What if your loved one spent decades accruing frequent flier miles? Could you inherit those miles?
The short answer: inheriting miles is a hassle, but certain major airlines allow it.
Some airlines state plainly that such inheritance is fair-game; others state plainly that it’s not. And still others post on their site that it’s not permitted, while actually offering the option if you manage to talk to the right person. The New York Times broke it down for us, and we’re breaking it down even more for you:
American: AAdvantage miles can be transferred from the deceased to the beneficiary. On request, the airline sends an affidavit to fill out, stating who should get the miles. Mail it back with a copy of the respective death certificate. Within seven business days those miles should be transferred. This process is free.
US Airways: Same deal. Transfer Dividend miles to the beneficiary’s account for free; just make sure it’s done within a year of the person’s death and that the miles haven’t expired. Send in a document proving inheriting rights, like a will, and a copy of the death certificate.
JetBlue: The Times spoke with an airline rep who said while there’s no official inheritance policy, after JetBlue’s legal team verifies the request they will approve the transfer.
Delta: Their policy says they don’t do it. If you talk to customer service they may tell you otherwise, and in fact the site offers a claim form: delta.com/skymilesaffidavit. Conclusion? They’re not obligated to, but they might grant you the service.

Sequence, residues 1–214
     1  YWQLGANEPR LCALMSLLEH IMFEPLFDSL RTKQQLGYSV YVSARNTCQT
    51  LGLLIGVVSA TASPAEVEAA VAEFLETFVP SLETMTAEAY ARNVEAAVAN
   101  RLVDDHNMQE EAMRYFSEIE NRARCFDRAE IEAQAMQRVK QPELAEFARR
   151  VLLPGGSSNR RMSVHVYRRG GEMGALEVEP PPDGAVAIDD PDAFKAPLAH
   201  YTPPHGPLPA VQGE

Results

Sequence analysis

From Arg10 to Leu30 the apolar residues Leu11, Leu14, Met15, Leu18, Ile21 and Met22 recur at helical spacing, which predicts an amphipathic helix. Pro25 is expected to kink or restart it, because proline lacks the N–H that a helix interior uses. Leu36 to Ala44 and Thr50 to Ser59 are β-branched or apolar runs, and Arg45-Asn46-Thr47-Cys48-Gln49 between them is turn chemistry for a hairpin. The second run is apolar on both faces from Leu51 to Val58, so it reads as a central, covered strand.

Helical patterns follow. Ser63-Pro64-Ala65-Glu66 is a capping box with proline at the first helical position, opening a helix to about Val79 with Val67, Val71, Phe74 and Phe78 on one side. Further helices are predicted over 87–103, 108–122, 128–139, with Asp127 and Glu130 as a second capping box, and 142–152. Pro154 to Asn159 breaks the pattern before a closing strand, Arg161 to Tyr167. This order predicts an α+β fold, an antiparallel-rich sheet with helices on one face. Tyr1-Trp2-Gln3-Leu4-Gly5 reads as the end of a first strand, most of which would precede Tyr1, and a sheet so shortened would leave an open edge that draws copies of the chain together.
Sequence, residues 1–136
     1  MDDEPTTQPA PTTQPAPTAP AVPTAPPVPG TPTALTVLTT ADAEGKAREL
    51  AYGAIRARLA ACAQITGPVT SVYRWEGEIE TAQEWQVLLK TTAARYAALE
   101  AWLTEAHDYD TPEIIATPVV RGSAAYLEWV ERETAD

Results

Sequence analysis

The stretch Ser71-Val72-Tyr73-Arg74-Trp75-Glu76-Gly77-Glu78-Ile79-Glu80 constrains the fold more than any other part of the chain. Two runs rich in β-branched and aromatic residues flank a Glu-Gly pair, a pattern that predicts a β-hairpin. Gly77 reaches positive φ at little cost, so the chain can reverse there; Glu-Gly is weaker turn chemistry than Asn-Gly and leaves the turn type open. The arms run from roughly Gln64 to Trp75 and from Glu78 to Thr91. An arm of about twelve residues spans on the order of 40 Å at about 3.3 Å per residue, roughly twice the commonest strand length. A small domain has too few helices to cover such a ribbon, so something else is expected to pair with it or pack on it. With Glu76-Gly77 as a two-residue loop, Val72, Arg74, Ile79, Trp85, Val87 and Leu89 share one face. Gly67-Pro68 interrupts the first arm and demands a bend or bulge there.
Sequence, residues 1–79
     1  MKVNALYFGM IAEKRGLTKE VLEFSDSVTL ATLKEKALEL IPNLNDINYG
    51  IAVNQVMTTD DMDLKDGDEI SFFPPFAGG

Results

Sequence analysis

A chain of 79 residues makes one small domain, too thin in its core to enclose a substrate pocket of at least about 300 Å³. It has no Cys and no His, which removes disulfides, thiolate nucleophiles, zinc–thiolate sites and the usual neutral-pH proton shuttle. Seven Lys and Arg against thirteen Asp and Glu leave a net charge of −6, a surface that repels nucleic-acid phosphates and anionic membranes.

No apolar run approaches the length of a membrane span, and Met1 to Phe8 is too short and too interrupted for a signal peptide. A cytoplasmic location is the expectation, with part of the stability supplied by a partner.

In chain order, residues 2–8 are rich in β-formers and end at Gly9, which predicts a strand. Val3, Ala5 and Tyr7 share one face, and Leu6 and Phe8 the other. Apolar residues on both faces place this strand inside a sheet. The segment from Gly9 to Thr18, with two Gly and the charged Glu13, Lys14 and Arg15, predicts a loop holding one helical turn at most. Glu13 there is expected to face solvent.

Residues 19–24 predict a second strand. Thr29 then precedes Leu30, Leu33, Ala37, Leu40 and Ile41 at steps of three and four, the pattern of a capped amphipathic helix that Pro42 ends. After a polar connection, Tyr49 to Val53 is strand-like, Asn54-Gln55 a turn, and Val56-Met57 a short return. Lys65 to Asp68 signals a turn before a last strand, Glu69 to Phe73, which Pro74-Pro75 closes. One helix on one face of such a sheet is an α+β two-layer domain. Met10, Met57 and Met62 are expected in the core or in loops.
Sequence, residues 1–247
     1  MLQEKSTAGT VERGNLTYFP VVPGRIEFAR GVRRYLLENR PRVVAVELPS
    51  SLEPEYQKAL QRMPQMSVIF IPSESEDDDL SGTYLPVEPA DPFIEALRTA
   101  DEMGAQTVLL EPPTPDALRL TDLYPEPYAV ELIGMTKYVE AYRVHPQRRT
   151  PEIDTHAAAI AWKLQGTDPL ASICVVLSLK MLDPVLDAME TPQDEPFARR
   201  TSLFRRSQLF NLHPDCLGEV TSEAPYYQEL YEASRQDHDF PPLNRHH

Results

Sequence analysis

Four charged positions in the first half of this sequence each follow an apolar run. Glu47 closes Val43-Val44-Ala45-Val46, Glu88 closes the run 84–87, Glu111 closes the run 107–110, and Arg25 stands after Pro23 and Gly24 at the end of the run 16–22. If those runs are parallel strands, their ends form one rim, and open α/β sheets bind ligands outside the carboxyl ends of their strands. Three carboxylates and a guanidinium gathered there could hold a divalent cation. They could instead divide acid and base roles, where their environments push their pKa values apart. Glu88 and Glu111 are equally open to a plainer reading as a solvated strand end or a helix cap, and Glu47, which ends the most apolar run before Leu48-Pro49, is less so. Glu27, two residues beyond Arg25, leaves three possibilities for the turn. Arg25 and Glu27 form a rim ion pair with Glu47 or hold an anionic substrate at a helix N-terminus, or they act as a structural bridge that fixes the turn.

United: Again, vague guidelines. Their site states MileagePlus program doesn’t permit such transfers. Customer service says otherwise.
Southwest: No go. Southwest clearly states it will not transfer RapidRewards points post-mortem.
Verdict: It depends on the airline, and each one has its own inconvenient approach.
A bit of history, it will be quick. The first frequent flier program was launched by Frank Lorenzo’s Texas International Airlines in 1979. For the next couple decades mainstream media didn’t broach the question of what would happen to those miles when a flier died. Why? So first, people rarely look at a new phenomenon through a moribund lens until they have to. Consider the flurry when Facebook users started seeing recommendations to “reconnect” with friends who had passed away. Moreover, at the start of the frequent flier program not many expected hundreds of thousands of fliers to accrue millions of miles.
If you have any more questions about this issue feel free to leave a comment, and we’ll be happy to answer it.
But wait!!! What if you know the number and password of the account in question? Why not just use the miles directly, and avoid all that bureaucratic sludge?
Well, really, go for it.
Regards from CookTravel.net 🙂